'Matter of Laugh or Death,' a humor column
By Bill Dunn
Interesting observations on this thing we call life
(appearing each week in the Republican-American newspaper, Waterbury, CT)
IF TODAY WAS YOUR LAST DAY
There’s an old expression, “Live like there’s no tomorrow.” This is a theme in many popular songs. Selena Gomez recorded a song by that exact title, and there are songs by Tim McGraw, “Live like you were dying,” and Nickelback, “If today was your last day.”
The theme is also popular in church sermons. Priests and ministers often preach on the topic, “What if today was your last day?” I suppose this is a good way to get parishioners to contemplate the Final Judgment, but a lousy way to get them to sign up as volunteers for next month’s church fair. (“Sorry Pastor, today’s my last day, remember? Get someone else to set up the tables.”)
By the way, I was able to look up those songs and a number of religious sermons on Google in about two minutes. Previously I had never heard of the songs, as I’m not a fan of any of those artists, nor had I been familiar with the particular preachers. Can you imagine how difficult it would be to write this column without the help of Google? Why, I might be tempted to make stuff up, which we all know NEVER happens.
So what if there are a few drawbacks to using Google so often? So what if Google is currently amassing a database of every website I’ve ever visited, every product I’ve ever purchased, and every keystroke I’ve ever typed on my computer? So what if they now have sophisticated software programs that can know my exact thoughts before I even think them? I’m sure they’ll never turn over that information to a totalitarian government, or even worse, to corporate marketing departments. No, Google is my friend. I love Big Brother — er, I mean, Big Google.
Anyway, those various songs and sermons about living like there’s no tomorrow emphasize the good things we ought to be doing each day. Things such as forgiving others, laughing more often, smelling the roses, visiting old friends, taking more risks, and being grateful for our many blessings. But it shouldn’t take a syrupy song or a scary sermon to remind us to make the most of each day.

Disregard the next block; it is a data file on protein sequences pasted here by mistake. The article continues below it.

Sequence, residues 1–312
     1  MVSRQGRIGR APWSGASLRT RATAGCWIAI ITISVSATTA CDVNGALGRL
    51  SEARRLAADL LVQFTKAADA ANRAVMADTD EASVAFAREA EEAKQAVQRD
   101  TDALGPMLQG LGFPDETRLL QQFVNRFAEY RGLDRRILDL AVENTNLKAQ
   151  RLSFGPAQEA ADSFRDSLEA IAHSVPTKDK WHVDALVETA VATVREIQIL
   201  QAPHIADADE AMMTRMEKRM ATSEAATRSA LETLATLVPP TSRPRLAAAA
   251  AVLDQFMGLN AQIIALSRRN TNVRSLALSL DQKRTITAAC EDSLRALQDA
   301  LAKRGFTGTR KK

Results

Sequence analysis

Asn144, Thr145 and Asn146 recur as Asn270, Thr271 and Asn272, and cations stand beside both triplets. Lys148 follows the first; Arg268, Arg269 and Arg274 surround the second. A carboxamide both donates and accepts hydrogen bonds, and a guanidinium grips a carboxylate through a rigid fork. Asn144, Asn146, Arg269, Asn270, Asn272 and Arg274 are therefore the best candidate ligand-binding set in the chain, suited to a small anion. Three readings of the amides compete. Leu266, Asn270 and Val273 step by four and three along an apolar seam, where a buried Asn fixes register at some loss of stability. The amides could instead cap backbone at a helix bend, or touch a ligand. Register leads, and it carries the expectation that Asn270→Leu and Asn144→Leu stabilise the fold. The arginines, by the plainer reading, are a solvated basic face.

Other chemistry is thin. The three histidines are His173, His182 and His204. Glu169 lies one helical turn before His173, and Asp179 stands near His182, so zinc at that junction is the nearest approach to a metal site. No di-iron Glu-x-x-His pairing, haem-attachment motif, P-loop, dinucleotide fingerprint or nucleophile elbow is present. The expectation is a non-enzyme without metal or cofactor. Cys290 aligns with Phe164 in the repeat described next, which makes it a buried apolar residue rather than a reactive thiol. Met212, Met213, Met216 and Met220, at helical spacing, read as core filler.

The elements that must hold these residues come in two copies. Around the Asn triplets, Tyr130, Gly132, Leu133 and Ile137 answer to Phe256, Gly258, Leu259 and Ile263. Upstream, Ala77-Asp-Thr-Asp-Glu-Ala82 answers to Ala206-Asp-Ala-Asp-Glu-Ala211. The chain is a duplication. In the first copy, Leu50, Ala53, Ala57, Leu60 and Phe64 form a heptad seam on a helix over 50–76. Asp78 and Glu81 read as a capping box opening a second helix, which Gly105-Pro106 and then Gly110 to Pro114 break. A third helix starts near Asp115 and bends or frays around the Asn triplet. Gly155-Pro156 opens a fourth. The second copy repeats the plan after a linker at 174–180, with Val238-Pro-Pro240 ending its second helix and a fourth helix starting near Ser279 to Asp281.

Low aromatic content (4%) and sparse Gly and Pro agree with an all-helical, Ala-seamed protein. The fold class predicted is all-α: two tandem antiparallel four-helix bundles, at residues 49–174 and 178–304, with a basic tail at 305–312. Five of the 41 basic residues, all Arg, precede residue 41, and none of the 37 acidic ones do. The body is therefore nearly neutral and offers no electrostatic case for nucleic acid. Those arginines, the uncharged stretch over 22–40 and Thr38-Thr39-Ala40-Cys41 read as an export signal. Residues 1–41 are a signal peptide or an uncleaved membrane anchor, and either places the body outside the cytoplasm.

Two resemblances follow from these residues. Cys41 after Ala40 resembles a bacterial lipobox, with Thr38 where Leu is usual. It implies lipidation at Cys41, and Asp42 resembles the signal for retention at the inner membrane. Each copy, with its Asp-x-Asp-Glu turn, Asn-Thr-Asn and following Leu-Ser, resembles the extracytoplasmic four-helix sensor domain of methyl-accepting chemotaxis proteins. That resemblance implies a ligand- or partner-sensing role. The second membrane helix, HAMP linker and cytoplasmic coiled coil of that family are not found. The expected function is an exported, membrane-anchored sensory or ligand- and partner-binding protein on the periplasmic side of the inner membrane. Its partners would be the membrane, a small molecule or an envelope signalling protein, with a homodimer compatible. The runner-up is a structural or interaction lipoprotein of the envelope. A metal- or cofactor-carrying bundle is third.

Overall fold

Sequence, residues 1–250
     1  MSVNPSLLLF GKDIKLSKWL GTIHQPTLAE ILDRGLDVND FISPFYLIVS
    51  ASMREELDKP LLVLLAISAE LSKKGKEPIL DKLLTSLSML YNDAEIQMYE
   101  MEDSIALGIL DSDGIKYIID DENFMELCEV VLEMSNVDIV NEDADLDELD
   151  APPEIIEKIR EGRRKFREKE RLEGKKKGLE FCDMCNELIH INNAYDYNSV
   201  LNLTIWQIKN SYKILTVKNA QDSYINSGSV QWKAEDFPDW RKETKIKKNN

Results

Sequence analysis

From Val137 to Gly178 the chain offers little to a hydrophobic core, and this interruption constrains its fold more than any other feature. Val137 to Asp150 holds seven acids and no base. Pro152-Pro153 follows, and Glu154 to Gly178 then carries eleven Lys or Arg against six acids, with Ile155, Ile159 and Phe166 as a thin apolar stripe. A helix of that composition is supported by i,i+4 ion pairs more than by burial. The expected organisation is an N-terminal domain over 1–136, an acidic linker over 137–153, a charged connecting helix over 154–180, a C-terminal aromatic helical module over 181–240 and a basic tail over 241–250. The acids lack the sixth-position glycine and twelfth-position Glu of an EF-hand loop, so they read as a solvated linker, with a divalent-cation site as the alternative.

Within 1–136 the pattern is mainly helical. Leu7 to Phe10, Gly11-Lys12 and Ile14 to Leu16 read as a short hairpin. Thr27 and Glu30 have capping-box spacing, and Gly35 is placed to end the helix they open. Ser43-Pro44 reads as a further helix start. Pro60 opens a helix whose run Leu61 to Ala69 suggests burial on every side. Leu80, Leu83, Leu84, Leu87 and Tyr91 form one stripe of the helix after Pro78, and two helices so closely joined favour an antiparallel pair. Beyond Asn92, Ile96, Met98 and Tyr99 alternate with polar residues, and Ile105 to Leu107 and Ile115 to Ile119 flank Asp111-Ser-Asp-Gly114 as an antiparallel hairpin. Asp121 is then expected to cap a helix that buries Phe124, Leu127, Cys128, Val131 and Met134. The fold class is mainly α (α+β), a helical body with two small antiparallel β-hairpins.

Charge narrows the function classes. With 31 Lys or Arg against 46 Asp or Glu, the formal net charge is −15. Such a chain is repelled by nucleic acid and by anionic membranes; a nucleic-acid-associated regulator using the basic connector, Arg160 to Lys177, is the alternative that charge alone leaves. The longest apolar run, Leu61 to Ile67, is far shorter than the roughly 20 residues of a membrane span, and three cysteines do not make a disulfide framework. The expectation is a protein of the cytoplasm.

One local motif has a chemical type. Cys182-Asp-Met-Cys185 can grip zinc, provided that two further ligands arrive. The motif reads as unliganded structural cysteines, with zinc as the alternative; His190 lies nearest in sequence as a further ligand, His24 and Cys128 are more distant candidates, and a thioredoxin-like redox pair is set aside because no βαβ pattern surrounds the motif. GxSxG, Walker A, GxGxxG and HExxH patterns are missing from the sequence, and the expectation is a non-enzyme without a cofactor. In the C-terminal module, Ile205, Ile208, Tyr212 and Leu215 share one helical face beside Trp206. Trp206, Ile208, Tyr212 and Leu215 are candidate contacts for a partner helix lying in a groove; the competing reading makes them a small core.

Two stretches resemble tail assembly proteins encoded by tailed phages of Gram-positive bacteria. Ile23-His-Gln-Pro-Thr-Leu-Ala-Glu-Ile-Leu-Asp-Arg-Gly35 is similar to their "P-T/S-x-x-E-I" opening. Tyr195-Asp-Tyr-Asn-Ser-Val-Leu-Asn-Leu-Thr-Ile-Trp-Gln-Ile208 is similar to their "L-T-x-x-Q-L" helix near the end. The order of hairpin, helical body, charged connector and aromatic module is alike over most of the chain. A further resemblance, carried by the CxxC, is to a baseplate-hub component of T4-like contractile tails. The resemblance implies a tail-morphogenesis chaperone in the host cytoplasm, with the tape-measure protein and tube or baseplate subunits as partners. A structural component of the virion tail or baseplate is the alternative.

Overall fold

If you really think about it, if we knew that today truly was our last day on earth, I bet we would not be doing things like going fishing, prancing thru flower gardens, or saying “I love you” to total strangers. I suspect we instead would be doing a whole lot of indignant screaming, such as, “Whattaya mean my last day?! Sez who?! I just bought Sox tickets for August! Leave me alone!!”
If we did acknowledge that it was our last day, our actions probably would depend on whether we believed we’d ever face a Final Judgment or not. If not, some foolish people might do things that normally would get them arrested, or at least written up for sexual harassment. (“Hey Bob, you see that hottie over there, Ms. Schwartz from Accounting? Well, watch this!”)
The rest of us, who believe we will face a Final Judgment after death, might be more inclined to spend that final day on earth hanging around a church to accumulate some last minute Brownie points.
If I knew it was my last day, I’m not sure what I would do. But I know I definitely would not go anywhere I’d have to wait in line — especially the DMV. And I would muster up the courage to tell Big Google to stop collecting data about everyone. (No, I’m just kidding. Google is my friend. Please, don’t send agents to confiscate my computer. I still might be around tomorrow!)
Bill's suspense novel "Purge the Evil" now available for Kindle download. For info, click here: http://www.boomertrek.com/PurgeTheEvil.htm
|Home||Current Faith||Current Funnies||Faith Archive||Funnies Archive||Contact Bill|